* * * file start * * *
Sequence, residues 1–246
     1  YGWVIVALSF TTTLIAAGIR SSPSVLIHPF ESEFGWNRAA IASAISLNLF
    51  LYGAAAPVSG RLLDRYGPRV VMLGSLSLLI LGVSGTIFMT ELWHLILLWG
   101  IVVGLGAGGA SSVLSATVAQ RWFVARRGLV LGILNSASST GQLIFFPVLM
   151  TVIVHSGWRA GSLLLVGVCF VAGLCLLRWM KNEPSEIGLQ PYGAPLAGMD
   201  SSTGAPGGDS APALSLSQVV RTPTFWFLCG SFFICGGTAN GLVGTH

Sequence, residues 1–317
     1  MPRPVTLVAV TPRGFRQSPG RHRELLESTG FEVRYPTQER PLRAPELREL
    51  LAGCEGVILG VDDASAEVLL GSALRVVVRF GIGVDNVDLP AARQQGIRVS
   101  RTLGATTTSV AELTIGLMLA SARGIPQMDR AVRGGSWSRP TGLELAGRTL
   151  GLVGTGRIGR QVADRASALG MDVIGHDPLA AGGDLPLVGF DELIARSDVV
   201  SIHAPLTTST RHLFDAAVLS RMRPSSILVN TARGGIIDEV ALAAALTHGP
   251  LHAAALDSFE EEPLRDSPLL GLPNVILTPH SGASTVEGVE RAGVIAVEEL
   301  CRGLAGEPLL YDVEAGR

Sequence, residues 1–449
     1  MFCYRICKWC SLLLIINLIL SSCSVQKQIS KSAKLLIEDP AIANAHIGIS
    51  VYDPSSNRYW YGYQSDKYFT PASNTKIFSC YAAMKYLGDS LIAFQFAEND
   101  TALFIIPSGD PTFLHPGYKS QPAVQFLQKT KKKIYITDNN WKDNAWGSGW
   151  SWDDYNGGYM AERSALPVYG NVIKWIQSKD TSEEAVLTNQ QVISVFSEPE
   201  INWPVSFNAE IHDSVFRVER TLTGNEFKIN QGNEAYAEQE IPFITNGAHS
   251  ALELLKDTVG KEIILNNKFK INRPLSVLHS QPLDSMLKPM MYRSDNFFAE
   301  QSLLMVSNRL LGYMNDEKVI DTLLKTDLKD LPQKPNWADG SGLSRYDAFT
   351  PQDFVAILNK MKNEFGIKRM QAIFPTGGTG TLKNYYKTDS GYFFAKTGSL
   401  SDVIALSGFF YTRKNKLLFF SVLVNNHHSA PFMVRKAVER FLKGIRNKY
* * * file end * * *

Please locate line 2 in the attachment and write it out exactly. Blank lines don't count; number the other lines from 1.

     1  YGWVIVALSF TTTLIAAGIR SSPSVLIHPF ESEFGWNRAA IASAISLNLF